flower flies on yellow Pityopsis flower

Narrowleaf silkgrass

Pictured above: Flower flies (Toxomerus sp.) on Narrowleaf silkgrass (Pityopsis graminifolia) by Mary Keim. Click on terms for botanical definitions. View post as a PDF.

Also known as Silver-leaved aster, Grass-leaved goldenaster, and Silky golden-aster, Narrowleaf silkgrass (Pityopsis graminifolia) is a robust perennial wildflower found in scrub, scrubby flatwoods and pine flatwoods throughout the state. At first glance and when not in bloom, the plant may appear to be a grass. Its flowers bloom in late summer through early winter and attract butterflies and other pollinators.

Flowers are compound with many brilliant yellow ray florets surrounding a compact center of orangish-yellow disk florets. The plant’s mostly basal leaves are long, linear and grasslike. They are covered in fine hairs, giving the leaves a silvery hue. Stem leaves are short by comparison, appressed and alternately arrangedSeeds are born in achenes.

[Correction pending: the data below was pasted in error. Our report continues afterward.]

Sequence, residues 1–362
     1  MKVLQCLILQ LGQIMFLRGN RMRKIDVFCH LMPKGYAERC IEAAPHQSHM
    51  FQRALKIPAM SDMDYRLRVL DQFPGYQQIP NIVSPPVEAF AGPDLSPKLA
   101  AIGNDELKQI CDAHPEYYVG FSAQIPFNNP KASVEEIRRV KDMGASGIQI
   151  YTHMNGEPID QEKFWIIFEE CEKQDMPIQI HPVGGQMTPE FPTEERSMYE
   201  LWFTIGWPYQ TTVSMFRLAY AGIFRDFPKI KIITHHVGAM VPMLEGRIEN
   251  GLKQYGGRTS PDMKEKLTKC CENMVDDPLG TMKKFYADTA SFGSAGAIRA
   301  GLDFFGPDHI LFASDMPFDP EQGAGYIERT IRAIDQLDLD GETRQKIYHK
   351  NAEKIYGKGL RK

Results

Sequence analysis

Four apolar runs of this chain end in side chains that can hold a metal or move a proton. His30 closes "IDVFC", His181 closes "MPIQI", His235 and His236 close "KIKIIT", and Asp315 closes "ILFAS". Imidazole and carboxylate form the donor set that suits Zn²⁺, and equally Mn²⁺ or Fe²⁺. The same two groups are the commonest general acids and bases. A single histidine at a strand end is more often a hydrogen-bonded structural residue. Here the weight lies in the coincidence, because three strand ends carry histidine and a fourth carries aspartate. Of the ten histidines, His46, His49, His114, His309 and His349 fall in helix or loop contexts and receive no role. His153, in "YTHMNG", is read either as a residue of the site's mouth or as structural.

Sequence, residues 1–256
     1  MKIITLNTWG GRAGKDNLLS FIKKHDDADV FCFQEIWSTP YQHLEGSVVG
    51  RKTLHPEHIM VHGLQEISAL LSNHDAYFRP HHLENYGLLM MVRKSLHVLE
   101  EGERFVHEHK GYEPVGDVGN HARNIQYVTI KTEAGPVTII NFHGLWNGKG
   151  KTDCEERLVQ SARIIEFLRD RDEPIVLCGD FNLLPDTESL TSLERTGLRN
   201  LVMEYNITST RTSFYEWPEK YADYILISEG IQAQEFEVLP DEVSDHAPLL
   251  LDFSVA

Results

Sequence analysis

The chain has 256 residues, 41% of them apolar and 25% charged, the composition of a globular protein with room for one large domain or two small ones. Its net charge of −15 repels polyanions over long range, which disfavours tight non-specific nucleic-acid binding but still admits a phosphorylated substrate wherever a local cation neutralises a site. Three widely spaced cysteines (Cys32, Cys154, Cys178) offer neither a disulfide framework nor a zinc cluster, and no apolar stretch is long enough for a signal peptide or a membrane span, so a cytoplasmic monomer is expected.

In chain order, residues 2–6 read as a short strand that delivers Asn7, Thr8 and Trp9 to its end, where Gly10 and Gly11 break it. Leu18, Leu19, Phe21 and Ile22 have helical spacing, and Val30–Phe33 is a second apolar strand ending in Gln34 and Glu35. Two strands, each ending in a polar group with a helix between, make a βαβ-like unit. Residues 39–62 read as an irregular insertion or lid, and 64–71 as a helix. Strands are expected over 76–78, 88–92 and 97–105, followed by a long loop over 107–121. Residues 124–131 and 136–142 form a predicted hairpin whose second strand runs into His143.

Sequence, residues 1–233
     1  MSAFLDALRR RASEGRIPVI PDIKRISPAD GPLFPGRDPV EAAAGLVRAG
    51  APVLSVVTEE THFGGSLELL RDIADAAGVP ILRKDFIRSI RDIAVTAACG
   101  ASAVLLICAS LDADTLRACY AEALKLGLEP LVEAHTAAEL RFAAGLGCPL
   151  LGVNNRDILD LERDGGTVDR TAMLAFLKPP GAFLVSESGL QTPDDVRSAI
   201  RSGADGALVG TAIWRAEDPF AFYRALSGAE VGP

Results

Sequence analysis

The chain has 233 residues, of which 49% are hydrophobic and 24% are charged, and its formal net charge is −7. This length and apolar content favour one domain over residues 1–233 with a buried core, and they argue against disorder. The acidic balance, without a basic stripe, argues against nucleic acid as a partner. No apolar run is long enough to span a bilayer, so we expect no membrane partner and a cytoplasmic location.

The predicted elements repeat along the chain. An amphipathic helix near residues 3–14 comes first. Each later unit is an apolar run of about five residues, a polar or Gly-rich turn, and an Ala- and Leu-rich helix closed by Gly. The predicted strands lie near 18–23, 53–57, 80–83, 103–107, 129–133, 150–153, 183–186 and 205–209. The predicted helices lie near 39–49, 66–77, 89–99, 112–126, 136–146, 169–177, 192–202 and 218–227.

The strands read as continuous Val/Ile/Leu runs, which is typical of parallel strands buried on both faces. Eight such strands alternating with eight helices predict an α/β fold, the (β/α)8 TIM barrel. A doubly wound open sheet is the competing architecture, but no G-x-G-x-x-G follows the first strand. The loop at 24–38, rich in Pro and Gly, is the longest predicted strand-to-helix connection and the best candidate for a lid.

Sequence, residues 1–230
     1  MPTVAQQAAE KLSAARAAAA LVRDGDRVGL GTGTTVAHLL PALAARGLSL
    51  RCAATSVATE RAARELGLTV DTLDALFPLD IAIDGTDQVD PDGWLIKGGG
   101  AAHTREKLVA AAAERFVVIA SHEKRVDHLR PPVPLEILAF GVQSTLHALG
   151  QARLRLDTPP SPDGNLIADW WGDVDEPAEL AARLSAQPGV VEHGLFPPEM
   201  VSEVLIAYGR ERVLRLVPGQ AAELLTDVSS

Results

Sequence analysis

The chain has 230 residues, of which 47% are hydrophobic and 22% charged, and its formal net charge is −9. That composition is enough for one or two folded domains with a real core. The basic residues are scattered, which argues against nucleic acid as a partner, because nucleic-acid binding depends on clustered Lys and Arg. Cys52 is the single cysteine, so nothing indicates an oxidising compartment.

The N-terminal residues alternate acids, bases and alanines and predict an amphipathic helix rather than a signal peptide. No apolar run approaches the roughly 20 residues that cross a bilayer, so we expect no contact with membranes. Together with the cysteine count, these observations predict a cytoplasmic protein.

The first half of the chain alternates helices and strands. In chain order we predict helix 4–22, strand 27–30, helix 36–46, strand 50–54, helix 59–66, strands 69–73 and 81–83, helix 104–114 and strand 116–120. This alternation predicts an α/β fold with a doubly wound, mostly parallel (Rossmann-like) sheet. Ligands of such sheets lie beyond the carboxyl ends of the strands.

The genus name Pityopsis is from the Greek pitys, or “pine.” It is a reference to the nymph Pitys, who, in Greek mythology, was changed into a pine tree by the gods. The species epithet graminifolia is from the Latin gramen, or “grass,” and folius, or “leaf.”

Pityopsis graminifolia
Silver foliage of Narrowleaf silkgrass. Photo by Mary Keim

Family: Asteraceae (Aster, daisy or composite family)
Native range: Throughout Florida
To see where natural populations of Narrowleaf silkgrass have been vouchered, visit florida.plantatlas.usf.edu.
Hardiness: 8A–11
Soil: Dry to moist, well-drained sandy or calcareous soil
Exposure: Full sun to moderate shade
Growth habit: 1’ tall, 2′ tall when blooming
Propagation: Seed
Garden tips: Narrowleaf silkgrass blooms later than many Florida native wildflowers. It is easy to establish and maintain in a garden setting. Its silky foliage can make a dense groundcover in dry to moist soils. The plant spreads by underground rhizomes; a single plant can spread and densely cover a much larger area.

Plants are often available at nurseries that specialize in native plants. Visit PlantRealFlorida.org to find a native nursery in your area. Seeds may be available through the Florida Wildflowers Growers Cooperative.

For more information on Pityopsis, see Silver-leaved aster (from 20 Easy-to-Grow Wildflowers).